There are various types of captain’s licenses that exist, and potential clients must be diligent when verifying a captain’s credentials before booking a charter to make sure the person at the helm is in fact qualified to run a charter. Many of the captains around the state running fishing charters do so with an OUPV Near Coastal, or six-pack, Merchant Mariner Credential, which permits them to take six paying passengers at a time, excluding crew, on a vessel not previously inspected by the Coast Guard up to 100 miles offshore.
In order to operate a vessel with more than six paying passengers, captains must possess 25-, 50- or 100-ton Near Coastal Master credentials, which allow them to operate inspected or uninspected vessels within the tonnage limits of their qualification up to 200 miles offshore. This allows for as many paying passengers as a Coast Guard inspected vessel is certified to carry, though uninspected vessels are still limited to six. During a busy weekend at the sandbar, large yachts packed with people are common. However, to have more than six paying passengers on board, these vessels are required to have passed inspection by the Coast Guard and must be under the operation of a captain with the proper master credential. A valid Certificate of Inspection proves the vessel meets minimum federal safety standards and outlines passenger and crew manning requirements. While there are certainly charters out there operating legally, it’s a safe bet that there are many others failing to meet the aforementioned requirements.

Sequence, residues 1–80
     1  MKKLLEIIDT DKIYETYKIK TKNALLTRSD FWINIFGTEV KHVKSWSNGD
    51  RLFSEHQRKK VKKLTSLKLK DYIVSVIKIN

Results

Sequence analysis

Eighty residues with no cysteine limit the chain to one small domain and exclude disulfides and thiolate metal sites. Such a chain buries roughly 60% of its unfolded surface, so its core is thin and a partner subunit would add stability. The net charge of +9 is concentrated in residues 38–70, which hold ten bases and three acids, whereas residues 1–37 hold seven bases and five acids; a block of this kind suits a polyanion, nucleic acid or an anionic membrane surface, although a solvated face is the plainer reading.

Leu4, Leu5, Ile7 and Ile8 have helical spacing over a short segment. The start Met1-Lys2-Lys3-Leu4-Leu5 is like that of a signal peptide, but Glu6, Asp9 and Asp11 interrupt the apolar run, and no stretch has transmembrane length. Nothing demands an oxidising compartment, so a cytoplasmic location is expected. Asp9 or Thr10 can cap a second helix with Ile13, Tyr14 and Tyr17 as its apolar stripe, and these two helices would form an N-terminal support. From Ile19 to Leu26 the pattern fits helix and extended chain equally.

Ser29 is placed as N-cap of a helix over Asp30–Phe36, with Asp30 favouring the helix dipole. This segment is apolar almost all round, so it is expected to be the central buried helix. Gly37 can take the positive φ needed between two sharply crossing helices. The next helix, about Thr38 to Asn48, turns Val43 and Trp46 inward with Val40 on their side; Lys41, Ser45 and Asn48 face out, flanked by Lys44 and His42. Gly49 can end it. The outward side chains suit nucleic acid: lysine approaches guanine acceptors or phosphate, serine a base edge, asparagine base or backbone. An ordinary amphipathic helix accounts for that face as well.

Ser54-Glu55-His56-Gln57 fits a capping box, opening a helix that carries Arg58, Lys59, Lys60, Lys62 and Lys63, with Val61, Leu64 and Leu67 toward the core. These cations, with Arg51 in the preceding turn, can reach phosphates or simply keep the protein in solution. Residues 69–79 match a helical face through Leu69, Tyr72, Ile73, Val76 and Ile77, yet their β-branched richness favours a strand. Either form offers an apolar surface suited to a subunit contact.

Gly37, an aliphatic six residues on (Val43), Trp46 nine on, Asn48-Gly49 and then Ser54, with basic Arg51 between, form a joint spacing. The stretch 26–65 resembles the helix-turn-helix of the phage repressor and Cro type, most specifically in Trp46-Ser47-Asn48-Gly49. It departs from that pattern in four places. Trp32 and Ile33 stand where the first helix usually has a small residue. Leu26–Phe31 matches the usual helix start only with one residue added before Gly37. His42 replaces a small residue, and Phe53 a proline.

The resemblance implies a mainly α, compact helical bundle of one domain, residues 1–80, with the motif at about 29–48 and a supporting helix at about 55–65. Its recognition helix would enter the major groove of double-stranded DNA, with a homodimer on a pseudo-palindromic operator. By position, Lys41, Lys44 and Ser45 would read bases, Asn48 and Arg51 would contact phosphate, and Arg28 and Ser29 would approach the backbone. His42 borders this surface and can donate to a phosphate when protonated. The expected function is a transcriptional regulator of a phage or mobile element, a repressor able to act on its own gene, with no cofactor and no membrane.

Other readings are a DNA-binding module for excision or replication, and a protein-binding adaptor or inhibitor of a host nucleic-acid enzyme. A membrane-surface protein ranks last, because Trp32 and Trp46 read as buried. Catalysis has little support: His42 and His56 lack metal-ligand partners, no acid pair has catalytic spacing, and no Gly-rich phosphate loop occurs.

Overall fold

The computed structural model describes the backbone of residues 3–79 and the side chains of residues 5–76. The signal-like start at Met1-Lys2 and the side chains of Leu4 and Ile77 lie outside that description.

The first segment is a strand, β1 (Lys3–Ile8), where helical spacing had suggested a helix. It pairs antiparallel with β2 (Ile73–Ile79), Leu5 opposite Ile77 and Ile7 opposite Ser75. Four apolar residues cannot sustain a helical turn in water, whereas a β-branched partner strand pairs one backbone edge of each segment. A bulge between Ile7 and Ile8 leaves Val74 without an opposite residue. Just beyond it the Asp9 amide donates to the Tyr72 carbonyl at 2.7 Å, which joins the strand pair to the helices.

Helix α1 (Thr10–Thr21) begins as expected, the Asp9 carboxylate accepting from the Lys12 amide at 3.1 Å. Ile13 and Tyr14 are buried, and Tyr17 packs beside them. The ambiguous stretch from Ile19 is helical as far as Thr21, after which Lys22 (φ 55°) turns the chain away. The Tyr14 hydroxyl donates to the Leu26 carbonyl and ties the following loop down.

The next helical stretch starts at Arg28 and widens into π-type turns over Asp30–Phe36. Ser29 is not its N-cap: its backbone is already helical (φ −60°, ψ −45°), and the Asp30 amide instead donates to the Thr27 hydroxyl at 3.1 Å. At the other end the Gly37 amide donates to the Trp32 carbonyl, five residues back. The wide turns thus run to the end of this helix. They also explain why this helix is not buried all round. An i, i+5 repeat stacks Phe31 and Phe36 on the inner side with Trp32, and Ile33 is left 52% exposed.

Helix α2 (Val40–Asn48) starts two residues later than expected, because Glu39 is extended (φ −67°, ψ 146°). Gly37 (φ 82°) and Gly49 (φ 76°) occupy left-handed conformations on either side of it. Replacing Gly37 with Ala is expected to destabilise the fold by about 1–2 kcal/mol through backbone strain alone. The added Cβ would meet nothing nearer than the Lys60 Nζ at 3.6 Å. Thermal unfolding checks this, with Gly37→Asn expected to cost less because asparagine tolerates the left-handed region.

Though illegal charter operations have historically proven to be unsafe for passengers, these unlawful endeavors also have a negative impact on the charter business as a whole. More specifically, they hurt the hard-working captains who are actually following the law. Unfortunately, despite the efforts of the Coast Guard and widespread local law enforcement agencies, many of the frauds who mislead customers and illegally pose as licensed captains go unpunished. These people are cheating the system by offering bargain prices and undercutting the real professionals. Meanwhile, charter captains who earned their titles spend significant time and effort assembling credentials and keeping vessels safe and well maintained for clients, as well as paying for the necessary permits, insurance and proper state and local taxes. Natural disasters and increased fishing regulations have made the life of a charter captain hard enough without unlicensed captains taking from the pie.
As the Coast Guard continues to combat this pressing issue, potential charter clients can lend a helping hand. By verifying the qualifications of charter vessels and their captains, customers can avoid being stuck on the wrong end of an illegal operation. Additionally, boaters who witness potentially illegal charters taking place with known offenders are encouraged to report what they see.
While the U.S. Coast Guard works to curb this unfortunate matter, it’s imperative that potential charter clients remain wary of these illicit situations and question who exactly is in the captain’s seat. Would you hire an unlicensed electrician to work on your house?